Sleepy Mornings? Time to Go Camping!

Natural daylight resets internal clocks of humans away from artificial light

(RxWiki News) Hit the snooze alarm five times. Drag yourself out of bed. Squint your way into the kitchen to make coffee so you can wake up. Sound familiar? Only in the modern world.

According to a recent study, the sleepiness we feel in the morning after waking up is most likely a result of living in an environment filled with artificial light.

A small experiment with a group of eight adults showed how their natural sleep cycles adjusted to the natural sunlight cycle after just one week of camping.

The hormone telling their brain to sleep "turned off" before they woke up while camping, so their normal sleepiness wasn't there.

"Try matching your sleep schedule to natural light."

This study, led by Kenneth P. Wright, Jr., of the Sleep and Chronobiology Laboratory at the University of Colorado at Boulder, investigated how lack of exposure to artificial light affected sleep patterns.

All humans have internal "clocks" called circadian rhythms. Circadian rhythms are influenced by our exposure to light.

These circadian rhythms determine when we are tired and need to sleep and when we need to wake up.

When artificial light, mostly electric light, became widespread in society, it altered our natural wake-sleep cycles.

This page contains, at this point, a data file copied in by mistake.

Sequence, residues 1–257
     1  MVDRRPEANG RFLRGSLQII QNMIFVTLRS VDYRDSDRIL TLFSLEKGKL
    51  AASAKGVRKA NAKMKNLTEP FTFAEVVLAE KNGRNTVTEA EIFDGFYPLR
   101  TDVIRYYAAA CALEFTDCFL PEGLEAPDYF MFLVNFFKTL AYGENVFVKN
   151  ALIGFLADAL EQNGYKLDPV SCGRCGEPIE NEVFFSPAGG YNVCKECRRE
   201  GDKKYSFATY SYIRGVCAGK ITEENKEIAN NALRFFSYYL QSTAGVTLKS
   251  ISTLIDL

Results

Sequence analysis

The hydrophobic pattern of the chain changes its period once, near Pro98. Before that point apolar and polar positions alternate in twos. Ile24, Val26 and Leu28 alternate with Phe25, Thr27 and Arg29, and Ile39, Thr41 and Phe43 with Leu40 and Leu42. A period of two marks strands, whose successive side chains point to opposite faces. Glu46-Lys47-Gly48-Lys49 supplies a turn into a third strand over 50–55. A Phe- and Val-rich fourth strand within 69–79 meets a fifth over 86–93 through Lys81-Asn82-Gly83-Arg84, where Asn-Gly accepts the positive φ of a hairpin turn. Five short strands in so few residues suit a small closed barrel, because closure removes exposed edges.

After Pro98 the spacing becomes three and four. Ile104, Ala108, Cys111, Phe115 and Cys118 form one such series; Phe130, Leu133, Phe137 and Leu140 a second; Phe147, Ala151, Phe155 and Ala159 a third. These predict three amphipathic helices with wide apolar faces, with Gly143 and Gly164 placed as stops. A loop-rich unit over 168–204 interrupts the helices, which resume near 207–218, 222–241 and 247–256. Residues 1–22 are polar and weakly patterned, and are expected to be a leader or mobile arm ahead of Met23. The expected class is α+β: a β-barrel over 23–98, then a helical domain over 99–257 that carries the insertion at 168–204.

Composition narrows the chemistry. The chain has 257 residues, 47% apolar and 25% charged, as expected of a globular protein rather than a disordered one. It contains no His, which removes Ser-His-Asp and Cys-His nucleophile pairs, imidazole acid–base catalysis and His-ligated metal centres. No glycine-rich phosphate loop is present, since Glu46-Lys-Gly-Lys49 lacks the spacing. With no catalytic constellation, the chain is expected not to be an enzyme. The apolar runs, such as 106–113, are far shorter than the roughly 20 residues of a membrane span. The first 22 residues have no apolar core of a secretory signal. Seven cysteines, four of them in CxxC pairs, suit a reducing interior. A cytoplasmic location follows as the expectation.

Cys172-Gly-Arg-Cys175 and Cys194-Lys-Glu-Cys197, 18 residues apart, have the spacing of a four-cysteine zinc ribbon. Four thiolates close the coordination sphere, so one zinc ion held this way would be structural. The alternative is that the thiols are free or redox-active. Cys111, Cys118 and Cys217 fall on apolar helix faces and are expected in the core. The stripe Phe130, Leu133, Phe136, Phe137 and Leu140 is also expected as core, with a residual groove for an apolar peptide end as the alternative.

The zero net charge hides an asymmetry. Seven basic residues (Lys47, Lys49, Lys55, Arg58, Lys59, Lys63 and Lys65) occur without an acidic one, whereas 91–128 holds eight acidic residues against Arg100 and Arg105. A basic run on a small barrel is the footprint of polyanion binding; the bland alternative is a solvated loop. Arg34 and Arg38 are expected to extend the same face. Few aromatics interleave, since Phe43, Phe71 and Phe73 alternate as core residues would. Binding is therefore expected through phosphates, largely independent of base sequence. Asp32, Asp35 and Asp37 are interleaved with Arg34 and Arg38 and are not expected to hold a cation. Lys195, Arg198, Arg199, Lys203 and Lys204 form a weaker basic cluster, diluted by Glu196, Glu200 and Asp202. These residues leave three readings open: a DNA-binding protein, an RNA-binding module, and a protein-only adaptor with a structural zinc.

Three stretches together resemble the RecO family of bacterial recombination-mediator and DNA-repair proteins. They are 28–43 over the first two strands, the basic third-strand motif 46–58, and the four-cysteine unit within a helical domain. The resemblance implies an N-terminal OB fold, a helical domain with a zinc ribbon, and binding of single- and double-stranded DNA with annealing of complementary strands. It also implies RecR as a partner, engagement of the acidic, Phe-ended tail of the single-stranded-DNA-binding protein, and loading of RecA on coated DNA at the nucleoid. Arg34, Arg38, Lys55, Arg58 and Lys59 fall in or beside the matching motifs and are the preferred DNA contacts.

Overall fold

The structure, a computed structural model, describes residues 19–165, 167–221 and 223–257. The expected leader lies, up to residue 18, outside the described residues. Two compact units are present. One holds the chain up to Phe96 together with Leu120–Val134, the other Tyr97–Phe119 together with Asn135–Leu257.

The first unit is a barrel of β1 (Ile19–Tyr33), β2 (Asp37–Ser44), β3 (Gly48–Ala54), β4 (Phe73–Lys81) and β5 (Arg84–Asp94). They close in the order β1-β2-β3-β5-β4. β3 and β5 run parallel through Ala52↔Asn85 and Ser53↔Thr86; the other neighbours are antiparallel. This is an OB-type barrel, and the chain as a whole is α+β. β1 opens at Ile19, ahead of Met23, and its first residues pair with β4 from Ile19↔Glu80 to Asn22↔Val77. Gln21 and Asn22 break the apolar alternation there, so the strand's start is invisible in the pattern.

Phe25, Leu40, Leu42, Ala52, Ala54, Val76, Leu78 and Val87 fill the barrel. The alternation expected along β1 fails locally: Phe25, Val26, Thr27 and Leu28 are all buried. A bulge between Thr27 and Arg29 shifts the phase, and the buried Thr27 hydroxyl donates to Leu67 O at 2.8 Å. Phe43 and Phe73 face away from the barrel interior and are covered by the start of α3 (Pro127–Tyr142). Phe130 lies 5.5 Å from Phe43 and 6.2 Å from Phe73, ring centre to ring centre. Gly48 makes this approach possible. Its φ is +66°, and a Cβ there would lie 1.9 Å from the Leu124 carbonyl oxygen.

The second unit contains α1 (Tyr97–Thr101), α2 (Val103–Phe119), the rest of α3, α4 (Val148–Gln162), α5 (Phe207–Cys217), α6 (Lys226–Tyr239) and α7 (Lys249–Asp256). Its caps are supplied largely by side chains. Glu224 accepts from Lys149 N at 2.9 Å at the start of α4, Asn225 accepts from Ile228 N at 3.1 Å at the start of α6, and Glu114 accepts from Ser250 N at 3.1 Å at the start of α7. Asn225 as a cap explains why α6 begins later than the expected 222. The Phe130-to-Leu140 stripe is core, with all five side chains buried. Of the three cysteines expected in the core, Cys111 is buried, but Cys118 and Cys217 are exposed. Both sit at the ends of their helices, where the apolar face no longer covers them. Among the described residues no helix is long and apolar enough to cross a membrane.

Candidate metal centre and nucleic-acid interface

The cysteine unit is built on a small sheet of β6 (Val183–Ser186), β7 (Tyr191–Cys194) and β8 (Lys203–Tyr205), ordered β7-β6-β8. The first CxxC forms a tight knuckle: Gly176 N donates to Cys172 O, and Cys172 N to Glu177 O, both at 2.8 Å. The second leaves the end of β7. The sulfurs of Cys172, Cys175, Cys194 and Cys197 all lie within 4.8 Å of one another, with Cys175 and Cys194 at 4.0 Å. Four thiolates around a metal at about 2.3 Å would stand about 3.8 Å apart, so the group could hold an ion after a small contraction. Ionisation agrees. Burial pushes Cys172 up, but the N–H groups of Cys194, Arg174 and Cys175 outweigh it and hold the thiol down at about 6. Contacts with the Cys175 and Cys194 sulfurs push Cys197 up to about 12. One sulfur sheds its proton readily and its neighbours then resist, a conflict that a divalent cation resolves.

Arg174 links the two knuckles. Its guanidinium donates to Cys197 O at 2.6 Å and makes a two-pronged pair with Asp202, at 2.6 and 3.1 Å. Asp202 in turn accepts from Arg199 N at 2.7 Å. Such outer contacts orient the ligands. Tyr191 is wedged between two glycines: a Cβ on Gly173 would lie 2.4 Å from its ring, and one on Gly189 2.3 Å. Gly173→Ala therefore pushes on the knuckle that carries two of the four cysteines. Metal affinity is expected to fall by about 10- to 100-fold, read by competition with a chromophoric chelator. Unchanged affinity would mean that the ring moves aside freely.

But how much it changed us, no one really knows.

To learn how the body adjusts when artificial electric light was not around, the researchers studied eight participants during a two-week experiment during July in the Rocky Mountains.

The eight people, average age 30, included six men and two women who were observed during their normal routines.

These routines included ", school, social activities, self-selected sleep schedules and exposure to the electrical-lighting constructed environment."

Then, the eight participants spent one week camping in tents outdoors with no lights except natural light from the sun or camp fires.

They had no flashlights, no lanterns, no personal electronic devices like cell phones or tablets or any other form of artificial light.

During this trip, they also selected their own sleep schedule, going to sleep when they felt they were tired and waking up when it felt right.

The researchers found that the participants were exposed to more than four times as much light during the camping week than during the normal life week.

Light can be measured in units called lux. The participants were exposed to an average of 979 lux while awake during their week in normal life and an average 4,487 lux while awake during the camping trip.

Humans' internal clocks are most sensitive to light exposure during their first two hours awake in terms of "resetting" their clock for the following day.

So the researchers looked at the participants' light exposure in their first two hours awake in the morning.

In the natural light setting (camping), the participants were exposed to an average 3,074 lux during those two hours.

In their "normal-life" setting with electrical light, they were exposed to an average 934 lux during those two hours.

"The only time of day when participants were exposed to more light during electrical versus natural lighting was between sunset and sleep start time, when the human circadian clock is most sensitive to light-induced phase delays," the authors wrote.

A light-induced phase delay means that a person feels like staying up later rather than going to sleep because of their body's exposure to (artificial) light.